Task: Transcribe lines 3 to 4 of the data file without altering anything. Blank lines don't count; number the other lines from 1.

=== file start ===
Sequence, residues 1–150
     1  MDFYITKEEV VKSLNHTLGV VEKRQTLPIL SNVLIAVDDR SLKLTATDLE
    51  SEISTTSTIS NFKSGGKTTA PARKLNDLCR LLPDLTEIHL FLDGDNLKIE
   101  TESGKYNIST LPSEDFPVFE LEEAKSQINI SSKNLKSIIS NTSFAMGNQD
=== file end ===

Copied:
    51  SEISTTSTIS NFKSGGKTTA PARKLNDLCR LLPDLTEIHL FLDGDNLKIE
   101  TESGKYNIST LPSEDFPVFE LEEAKSQINI SSKNLKSIIS NTSFAMGNQD